More Birding Resources – Diana Hierlmeier

Quick List of Bird and Birding Guides

The following guides are available through online book stores, where a search for "bird guides" lists more than 4,000 items.

Alderfer, Jonathan, National Geographic Complete Birds of North America, November 2005

Clark, William S., Field Guide to Hawks of North America, Peterson Field Guide Series, November 2001

Elliott, Lang, Common Birds and Their Songs (book and CD), October 1998

Field Guide to Birds, National Wildlife Federation, May 2007

A Field Guide to Birds of Eastern and Central North America, Peterson Field Guide Series, April 2002

Field Guide to North America Birds, Eastern Region, National Audubon Society, October 2000

Field Guide to North American Birds, Western Region, National Audubon Society, September 1994

Kaufman, Kenn, Kaufmann Field Guide to Birds of North America, April 2005

Mahnken, Jan; Wiberg, Hugh; Laubach, Rene; Laubach, Christyna; The Bird Lover’s Backyard Handbook: Attracting, Nesting and Feeding, April 2003

National Geographic Field Guide to the Birds of North America, November 2006

Peterson, Roger Tory, A Field Guide to Feeder Birds: Eastern and Central North America, April 2002

Peterson, Roger Tory, A Field Guide to Western Birds (a guide to field marks of all species found in North America west of the 100th Meridian and north of Mexico), April 2001

Peterson, Roger Tory, Peterson’s First Guide to Birds of North America, February 1998

Santella, Chris, Fifty Places to go Birding Before You Die: Birding Experts Share the World’s Greatest Destinations, November 2007

Sibley, David Allen, The Sibley Guide to Birds of Eastern North America, April 2003

The Sibley Guide to Birds, National Audubon Society, October 2000

Stokes, Donald and Lillian, Stokes Beginner’s Guide to Birds: Eastern Region, October 1996

Stokes, Donald and Lillian, Stokes Field Guide to Bird Songs: Eastern Region (three-CD set), April 1997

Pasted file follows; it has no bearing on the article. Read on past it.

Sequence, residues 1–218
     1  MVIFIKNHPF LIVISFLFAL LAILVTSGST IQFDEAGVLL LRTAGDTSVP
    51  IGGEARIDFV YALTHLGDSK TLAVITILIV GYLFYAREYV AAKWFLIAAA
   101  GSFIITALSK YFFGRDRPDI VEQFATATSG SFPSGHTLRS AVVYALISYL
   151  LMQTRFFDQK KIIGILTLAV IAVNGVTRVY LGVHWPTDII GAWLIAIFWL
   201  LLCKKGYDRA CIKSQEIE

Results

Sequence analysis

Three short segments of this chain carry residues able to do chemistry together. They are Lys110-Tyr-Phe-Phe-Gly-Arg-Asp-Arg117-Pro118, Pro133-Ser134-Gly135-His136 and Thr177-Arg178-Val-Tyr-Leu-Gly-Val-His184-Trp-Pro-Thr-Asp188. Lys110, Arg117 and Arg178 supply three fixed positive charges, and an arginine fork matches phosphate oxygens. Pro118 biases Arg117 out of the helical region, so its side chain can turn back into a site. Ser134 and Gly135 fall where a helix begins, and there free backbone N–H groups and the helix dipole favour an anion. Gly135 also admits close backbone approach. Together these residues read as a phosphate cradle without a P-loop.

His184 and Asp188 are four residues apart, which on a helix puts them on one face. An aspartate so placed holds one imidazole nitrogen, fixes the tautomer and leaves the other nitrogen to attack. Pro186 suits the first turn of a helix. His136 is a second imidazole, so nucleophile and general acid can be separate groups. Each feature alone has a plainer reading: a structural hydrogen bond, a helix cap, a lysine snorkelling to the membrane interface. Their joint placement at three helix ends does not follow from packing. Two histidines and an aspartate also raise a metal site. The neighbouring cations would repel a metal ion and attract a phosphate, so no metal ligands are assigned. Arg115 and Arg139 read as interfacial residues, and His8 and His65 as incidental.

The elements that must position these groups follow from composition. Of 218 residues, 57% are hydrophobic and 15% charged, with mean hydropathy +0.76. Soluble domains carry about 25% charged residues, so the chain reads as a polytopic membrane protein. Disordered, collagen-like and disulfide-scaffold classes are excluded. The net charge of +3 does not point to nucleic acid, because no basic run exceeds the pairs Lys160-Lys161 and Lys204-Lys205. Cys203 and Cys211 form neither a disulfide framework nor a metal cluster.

Stokes, Donald and Lillian, Stokes Field Guide to Birds: Eastern Region, October 1996

Bird-Related Periodicals

Audubon, National Audubon Society, www.audubon.org

The Auk, The American Ornithologists Union, www.aou.org/auk

Bird Watcher’s Digest, www.birdwatchersdigest.com

Birder’s World, www.birdersworld.com

Birding, American Birding Association, www.americanbirding.org

Birds & Blooms, www.birdsandblooms.com

Living Bird, Cornell Lab of Ornithology, www.livingbird.org

WildBird, www.wildbirdmagazine.com

The Wilson Journal of Ornithology, the Wilson Ornithological Society, www.wilsonsociety.org

States with Birding Trails – Diana Hierlmeier

ALABAMA
Alabama Coastal Birding Trail

ARIZONA
Southeastern Arizona Birding Trail

CALIFORNIA
Central Coast Birding Trail
Eastern Sierra Birding Trail

COLORADO
Great Pikes Peak Birding Trail

CONNECTICUT
Connecticut Coastal Birding Trail
Connecticut River Birding Trail

FLORIDA
Great Florida Birding Trail

GEORGIA
Georgia’s Colonial Coast Birding Trail

KANSAS
Kansas Birding and Prairie Flora Trails
www.kansasaudubon.org

KENTUCKY
John James Audubon Birding Trail

LOUISIANA
Grand Isle Birding Trail
www.birdlouisiana.com

MINNESOTA
Pine to Prairie Birding Trail
Minnesota River Valley Birding Trail

MINNESOTA, IOWA, and WISCONSIN
Great River Birding Trail

MONTANA
Great Montana Birding and Wildlife Trail
www.fermatainc.com/montana/index.html

NEW HAMPSHIRE and VERMONT
Connecticut River Birding Trail

NEW JERSEY
New Jersey Birding & Wildlife Trails

NEW MEXICO
Southwest New Mexico Birding Trail

NEW YORK
Audubon Niagara Birding Trails

NORTH CAROLINA
North Carolina Birding Trail

NORTH DAKOTA
Steele Birding Trail
Bismarck-Mandan Birding Drive
Central Dakota Birding Drive

OHIO
Southern Ohio Birding and Heritage Trail

OREGON
Oregon Cascade Birding Trail
www.oregonbirdingtrails.org

PENNSYLVANIA
Susquehanna River Birding and Wildlife Trail
www.pa.audubon.org

TEXAS
The Great Texas Coastal Birding Trail

UTAH
Great Salt Lake Birding Trails

VERMONT
Lake Champlain Birding Trail

VIRGINIA
Virginia Birding and Wildlife Trail

WASHINGTON
The Great Washington Birding Trail
Coulee Corridor Scenic Byway
Cascade Loop

WISCONSIN
The Great Wisconsin Birding Trail
www.fermatainc.com/wisc

Birds/Birding Festivals

Visit www.americanbirding.org/resources.

Banded Birds – Diana Hierlmeier

If you find a banded bird:

  • Log on to www.pwrc.usgs.gov/bbl (Patuxent Wildlife Research Center Bird Banding Laboratory – The North American Bird Banding Program)
  • Click on “Report a Bird Band” or “Report a Color Marked Bird”
  • Enter the requested information

Contributor Diana Hierlmeier is an ardent birder. She has volunteered as a field researcher and bird bander for the U.S. Fish & Wildlife Service and as a naturalist for the Nature Conservancy of Washington and the Washington State Department of Natural Resources.